Andy Beshear’s budget fully funds pensions, undercuts legislature’s pension bill by Daniel Desrochers. On Tuesday, Kentucky Gov. Andy Beshear unveiled his proposed budget to the Kentucky legislature, which included fully funding the Kentucky Teacher Retirement System and the Kentucky Employees Retirement System. Desrochers reported from the Kentucky state capitol that “the Kentucky Employees Retirement Systems will receive an additional $56.5 million in the 2021 fiscal year and $63.9 million in the 2022 fiscal year.” The Teachers Retirement System, Desrochers wrote, “will receive an additional $500,000 in the 2021 fiscal year and an additional $14.8 million in 2022.” Unlike plan design changes, such as moving employees to a 401(k)-style plan, funding systems is the most efficient way to alleviate an unfunded liability. 

Bill would raise retirement age from 55 to 59½ for Wisconsin Retirement System participants by Riley Vetterkind. In the Badger State, Vetterkind reported for the Wisconsin State Journal on a proposal from the Wisconsin state legislature that would raise the retirement age for members of the Wisconsin Retirement System (WRS) by nearly five years. Under the bill, Vetterkind reported, “retired teachers or other former employees participating in the Wisconsin Retirement System (could) be rehired and work full-time for a WRS employer for up to three years and still collect their pension payments.” However, employees under the age of 40 would see their retirement age increase as a result. In the article, Peggy Wirtz-Olsen, vice president of the Wisconsin Education Association Council, criticized the bill, which would “exempt protective service employees — a male-dominated profession — while raising the minimum retirement age for the primarily female teaching workforce.”

KY lawmakers urged universities, public agencies to leave pension system. None have. By John Cheves. In this article for the Lexington Herald-Leader, Cheves wrote about how lawmakers have not heard much interest in exiting the Kentucky Retirement Systems (KRS) from regional universities and quasi-public agencies in Kentucky. Last summer, the Kentucky legislature passed House Bill 1, which gave regional universities and quasi-public agencies the decision to either leave KRS or pay the entire cost of their employees’ pensions. Cheves reported that around 9,000 Kentuckians work at the affected agencies, and many have expressed concern about their employer quitting KRS and switching to a defined-contribution 401(k) style retirement plan.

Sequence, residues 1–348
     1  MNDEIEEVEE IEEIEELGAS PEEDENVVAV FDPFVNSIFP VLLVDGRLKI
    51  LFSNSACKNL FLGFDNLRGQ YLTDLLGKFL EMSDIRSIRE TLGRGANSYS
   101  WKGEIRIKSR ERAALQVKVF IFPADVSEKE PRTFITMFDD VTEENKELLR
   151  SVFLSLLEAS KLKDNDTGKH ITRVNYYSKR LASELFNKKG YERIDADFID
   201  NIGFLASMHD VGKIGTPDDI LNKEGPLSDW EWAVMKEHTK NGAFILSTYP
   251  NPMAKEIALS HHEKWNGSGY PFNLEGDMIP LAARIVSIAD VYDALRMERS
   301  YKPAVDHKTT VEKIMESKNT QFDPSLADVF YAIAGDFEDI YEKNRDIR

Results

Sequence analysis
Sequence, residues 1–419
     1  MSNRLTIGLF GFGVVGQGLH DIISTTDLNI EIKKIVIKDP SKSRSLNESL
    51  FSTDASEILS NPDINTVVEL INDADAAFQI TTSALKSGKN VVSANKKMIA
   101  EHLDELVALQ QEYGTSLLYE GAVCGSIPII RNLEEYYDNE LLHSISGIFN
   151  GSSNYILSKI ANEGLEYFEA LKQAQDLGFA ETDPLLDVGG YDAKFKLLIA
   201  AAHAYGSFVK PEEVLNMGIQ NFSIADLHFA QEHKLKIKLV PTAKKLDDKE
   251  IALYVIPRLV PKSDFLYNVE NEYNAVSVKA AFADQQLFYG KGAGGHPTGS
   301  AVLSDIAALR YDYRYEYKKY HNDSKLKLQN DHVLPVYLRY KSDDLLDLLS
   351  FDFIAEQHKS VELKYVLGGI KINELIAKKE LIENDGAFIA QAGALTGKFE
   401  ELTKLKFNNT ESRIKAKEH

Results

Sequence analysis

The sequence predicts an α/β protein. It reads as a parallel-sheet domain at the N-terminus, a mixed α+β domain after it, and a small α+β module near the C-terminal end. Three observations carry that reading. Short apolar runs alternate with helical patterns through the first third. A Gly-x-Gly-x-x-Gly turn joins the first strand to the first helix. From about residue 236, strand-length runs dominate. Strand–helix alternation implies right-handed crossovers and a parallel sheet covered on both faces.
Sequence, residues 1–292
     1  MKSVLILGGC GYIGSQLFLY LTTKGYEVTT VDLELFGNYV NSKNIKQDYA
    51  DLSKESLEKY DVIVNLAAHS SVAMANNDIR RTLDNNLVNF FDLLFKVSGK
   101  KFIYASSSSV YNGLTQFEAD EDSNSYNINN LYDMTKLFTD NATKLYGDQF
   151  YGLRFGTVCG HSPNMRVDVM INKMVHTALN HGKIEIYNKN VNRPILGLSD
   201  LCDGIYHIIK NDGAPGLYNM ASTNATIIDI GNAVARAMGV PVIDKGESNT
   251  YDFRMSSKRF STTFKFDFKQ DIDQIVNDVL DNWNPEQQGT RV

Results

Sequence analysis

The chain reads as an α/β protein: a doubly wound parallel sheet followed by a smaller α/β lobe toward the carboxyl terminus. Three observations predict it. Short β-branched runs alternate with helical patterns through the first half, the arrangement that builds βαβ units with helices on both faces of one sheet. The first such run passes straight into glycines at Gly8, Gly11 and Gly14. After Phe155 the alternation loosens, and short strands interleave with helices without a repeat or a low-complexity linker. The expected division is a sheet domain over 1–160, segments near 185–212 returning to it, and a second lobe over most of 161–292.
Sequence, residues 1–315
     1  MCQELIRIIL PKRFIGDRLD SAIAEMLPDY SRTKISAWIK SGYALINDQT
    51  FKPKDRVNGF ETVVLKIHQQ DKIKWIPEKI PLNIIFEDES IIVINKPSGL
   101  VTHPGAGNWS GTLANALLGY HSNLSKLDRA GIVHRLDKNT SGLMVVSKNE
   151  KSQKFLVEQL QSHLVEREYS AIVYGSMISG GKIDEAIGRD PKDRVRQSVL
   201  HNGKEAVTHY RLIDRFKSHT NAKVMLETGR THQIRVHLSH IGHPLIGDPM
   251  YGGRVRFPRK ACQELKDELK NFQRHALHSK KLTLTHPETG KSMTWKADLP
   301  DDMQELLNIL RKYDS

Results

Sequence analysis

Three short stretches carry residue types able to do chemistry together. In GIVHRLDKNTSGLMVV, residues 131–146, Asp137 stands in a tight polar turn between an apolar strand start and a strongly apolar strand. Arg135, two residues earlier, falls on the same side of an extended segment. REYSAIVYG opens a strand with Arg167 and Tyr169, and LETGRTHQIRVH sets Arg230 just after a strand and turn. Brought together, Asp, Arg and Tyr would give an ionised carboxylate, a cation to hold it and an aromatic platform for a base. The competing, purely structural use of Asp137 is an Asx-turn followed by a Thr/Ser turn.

Pension plans are no windfall by John Hepp. In this op-ed for the News-Gazette, Hepp rebutted the anti-pension think tank Illinois Policy Institute’s article, “The 1%: Illinois’ pension millionaires.”  The Illinois Policy Institute insinuated that a retired public employee who only paid $100,000 into the pension system would receive a lump sum of $1 million in retirement, with most of it coming from the taxpayer dime. However, Hepp refuted these arguments by arguing “that $100,000 was paid in over a working career of many years, possibly 30 years. The investment returns on that $100,000, and the matching funds from the state, would make that original contribution worth a lot more today.” Assuming “an annual return of 7 percent (typical of a portfolio of combined stocks and bonds), the amount at retirement would be closer to $500,000 at retirement,” Hepp wrote. Furthermore, even if someone was owed $1 million in benefits, it would “be paid out over a similar period in the future,” instead of all at once as a lump sum. 

Be sure to check back next week for the latest news in the fight for a secure retirement!